Anti-Aging News: Hormone Ghrelin Can Prevent Sarcopenia And Restore Muscle Loss In The Elderly According to Italian Study
: A new study involving a collaboration of Italian researchers from 11 medical universities and institutes and also the Stem Cell Institute At Leuven-Belgium indicates that the hormone, ghrelin, may help protect the elderly population from muscle loss.
The study which involved administering a particular form of ghrelin to older mice saw muscle mass and strength being restored.
The study was presented at the recent online 22nd European Congress of Endocrinology or e-ECE 2020 and is also published in the journal: Aging.
Muscle-related diseases are a growing serious health concern in the elderly population often causing debilitating conditions.
The study findings suggest a potential new treatment strategy for muscle loss to enable the aging population to remain fit and healthy.
Sarcopenia or age-related skeletal muscle mass loss in absence of any underlying disease, is defined often which to deterioration of elderly people's quality of life. It results in a decline in muscle mass and functionality, often resulting in poor balance, higher risk of falls or fractures, immobilization and loss of independence.
The hormone Ghrelin is involved in metabolic regulation and energy balance through activation of appetite, but also plays an important role in protecting against muscle wasting.
It is known that both acylated (AG) and unacylated (UnAG) forms of the hormone are present in the body, but UnAG does not bind to the AG receptor (GHSR-1a), so does not increase appetite.
Emerging studies and data indicates that UnAG is acting at an unidentified receptor, which also mediates some common AG and UnAG biological activities, including a strikingly protective effect against muscle wasting.
It is known that Ghrelin levels decline as we age and may be involved in the development of sarcopenia, but the role of AG versus UnAG in this process has not been investigated previously.
Researchers from the University of Piemonte Orientale in Italy led by Dr Emanuela Agosti, along with researchers from other institutions investigated how unAG affected age-related decline of muscle mass and function, by either deleting the ghrelin gene in mice, or overexpressing unAG.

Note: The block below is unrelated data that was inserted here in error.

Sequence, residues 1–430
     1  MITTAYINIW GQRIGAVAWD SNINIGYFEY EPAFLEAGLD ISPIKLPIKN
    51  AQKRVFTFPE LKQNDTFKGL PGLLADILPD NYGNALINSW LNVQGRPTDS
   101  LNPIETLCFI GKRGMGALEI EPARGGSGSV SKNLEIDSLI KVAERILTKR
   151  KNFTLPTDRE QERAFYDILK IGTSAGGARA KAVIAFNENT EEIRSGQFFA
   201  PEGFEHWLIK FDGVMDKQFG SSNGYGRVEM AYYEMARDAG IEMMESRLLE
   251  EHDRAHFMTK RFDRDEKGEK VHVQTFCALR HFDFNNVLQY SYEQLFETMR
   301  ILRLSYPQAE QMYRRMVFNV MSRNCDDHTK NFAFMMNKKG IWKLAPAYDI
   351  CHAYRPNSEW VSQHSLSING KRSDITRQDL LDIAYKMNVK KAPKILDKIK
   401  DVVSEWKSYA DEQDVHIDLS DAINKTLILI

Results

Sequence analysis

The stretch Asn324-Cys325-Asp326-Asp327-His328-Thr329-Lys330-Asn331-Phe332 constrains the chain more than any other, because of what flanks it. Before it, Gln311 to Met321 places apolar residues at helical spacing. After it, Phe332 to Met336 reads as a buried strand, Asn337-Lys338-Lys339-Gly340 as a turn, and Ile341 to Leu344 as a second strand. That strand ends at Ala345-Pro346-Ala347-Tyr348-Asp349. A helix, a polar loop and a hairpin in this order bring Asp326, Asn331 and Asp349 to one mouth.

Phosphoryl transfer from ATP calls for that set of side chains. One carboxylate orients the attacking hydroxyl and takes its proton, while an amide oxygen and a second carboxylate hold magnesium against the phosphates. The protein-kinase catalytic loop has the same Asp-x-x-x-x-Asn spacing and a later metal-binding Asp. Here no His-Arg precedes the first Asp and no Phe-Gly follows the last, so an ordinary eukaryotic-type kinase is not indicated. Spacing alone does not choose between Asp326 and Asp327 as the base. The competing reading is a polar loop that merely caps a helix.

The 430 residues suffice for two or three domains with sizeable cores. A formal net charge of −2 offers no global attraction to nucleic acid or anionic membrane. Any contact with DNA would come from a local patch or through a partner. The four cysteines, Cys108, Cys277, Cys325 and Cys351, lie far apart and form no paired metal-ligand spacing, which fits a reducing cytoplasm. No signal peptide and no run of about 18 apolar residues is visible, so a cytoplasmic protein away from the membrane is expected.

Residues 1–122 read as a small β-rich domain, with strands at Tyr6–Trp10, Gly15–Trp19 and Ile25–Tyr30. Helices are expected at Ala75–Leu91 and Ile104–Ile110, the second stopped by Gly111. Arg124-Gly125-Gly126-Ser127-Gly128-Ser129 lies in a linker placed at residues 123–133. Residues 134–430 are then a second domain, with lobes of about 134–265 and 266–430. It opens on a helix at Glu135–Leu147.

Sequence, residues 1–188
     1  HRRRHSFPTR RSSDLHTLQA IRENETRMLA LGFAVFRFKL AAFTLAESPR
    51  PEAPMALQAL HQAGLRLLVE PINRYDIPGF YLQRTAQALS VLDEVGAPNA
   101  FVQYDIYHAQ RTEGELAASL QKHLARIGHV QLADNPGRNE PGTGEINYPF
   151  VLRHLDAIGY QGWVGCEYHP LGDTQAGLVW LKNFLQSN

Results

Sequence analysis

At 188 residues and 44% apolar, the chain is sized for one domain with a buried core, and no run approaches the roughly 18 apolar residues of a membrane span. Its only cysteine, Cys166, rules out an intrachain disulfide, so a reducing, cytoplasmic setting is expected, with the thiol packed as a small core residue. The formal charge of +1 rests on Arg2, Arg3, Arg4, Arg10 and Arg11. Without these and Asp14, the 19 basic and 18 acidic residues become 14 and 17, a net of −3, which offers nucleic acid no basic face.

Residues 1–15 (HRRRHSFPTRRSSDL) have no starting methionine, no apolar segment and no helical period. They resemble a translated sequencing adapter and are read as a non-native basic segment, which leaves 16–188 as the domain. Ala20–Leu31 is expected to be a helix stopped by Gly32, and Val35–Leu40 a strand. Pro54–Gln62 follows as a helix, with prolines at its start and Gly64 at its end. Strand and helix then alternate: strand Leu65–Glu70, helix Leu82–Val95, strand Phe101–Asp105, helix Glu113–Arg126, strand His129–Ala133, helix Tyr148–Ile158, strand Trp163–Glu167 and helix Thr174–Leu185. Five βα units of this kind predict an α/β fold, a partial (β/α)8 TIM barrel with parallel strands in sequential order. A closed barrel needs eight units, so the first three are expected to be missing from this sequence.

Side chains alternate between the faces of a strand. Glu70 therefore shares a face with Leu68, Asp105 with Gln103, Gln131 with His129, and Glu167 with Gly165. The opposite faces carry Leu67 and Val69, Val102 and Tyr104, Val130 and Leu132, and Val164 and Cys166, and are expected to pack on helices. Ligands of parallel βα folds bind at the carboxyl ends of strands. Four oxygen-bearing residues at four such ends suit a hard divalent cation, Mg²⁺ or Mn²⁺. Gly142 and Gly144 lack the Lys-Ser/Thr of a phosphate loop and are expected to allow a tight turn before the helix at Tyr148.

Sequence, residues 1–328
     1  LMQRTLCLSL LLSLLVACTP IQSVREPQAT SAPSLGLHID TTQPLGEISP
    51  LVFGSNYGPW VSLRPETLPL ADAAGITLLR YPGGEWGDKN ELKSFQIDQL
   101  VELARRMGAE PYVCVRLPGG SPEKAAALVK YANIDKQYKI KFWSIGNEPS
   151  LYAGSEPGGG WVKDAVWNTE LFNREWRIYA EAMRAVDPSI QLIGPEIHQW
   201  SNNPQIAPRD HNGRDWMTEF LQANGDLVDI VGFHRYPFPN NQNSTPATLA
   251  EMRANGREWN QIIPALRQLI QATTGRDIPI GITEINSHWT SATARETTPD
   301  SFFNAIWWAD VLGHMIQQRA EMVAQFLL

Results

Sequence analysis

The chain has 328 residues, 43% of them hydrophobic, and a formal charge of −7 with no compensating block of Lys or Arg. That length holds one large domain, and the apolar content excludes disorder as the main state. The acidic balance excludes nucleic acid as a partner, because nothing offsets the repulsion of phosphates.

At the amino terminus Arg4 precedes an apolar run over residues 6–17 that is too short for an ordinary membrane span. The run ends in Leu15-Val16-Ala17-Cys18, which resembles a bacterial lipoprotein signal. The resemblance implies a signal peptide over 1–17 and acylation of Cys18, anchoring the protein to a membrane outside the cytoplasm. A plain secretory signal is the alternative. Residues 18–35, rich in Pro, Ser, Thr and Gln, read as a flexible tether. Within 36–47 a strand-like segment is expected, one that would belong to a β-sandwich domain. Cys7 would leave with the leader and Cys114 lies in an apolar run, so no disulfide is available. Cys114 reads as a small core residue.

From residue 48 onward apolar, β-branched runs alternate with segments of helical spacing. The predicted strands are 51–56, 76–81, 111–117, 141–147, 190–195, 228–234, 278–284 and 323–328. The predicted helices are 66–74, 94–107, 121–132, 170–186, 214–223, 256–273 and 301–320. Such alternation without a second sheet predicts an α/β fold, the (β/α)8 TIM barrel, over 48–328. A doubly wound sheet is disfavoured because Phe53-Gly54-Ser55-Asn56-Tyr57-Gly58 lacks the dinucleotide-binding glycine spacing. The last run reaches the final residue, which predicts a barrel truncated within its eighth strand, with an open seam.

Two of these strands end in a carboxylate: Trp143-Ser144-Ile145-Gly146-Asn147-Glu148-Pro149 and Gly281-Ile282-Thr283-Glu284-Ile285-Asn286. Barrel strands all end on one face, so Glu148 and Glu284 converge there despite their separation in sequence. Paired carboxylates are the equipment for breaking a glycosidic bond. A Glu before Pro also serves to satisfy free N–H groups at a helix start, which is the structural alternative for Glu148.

Muscle function as they aged was assessed through a wire hanging test, during which "falling" and "reaching" scores were recorded, to assess whole body strength and endurance.
It was found that the deletion of the ghrelin gene and the overexpression of UnAG reduced age-associated decline in muscle mass and function.
However despite both groups of animals displaying similar aging tendencies in body weight and muscle mass, the mice overexpressing UnAG maintained better muscle structure, performance and metabolism, more typical of muscle in younger mice.
Dr Agosti told Thailand Medical News, “Understanding the causes and effects of sarcopenia will improve our ability to prevent, detect, and hopefully manage this disease. These study findings provide novel understanding and poi
nt to UnAG, or analogues, as a possible therapeutic target for future treatment."
The research indicates that UnAG, or possibly drugs that mimic it, can preserve muscle function and reduce the risk of age-related sarcopenia, without causing weight gain and obesity.
Dr Agosti further added, "Due to the worldwide increase in the elderly population, sarcopenia has an important social impact greatly affecting both aged people's quality of life and government health care costs. Therefore, therapeutic strategies aimed at preventing and/or reducing sarcopenia are of pivotal importance."
The study team plans to identify the receptor mediating UnAG biological activities. This will help better define the molecular pathways involved in AG/UnAG actions and to design specific treatment protocols that may reduce loss of muscle mass in sarcopenia and other similar conditions.
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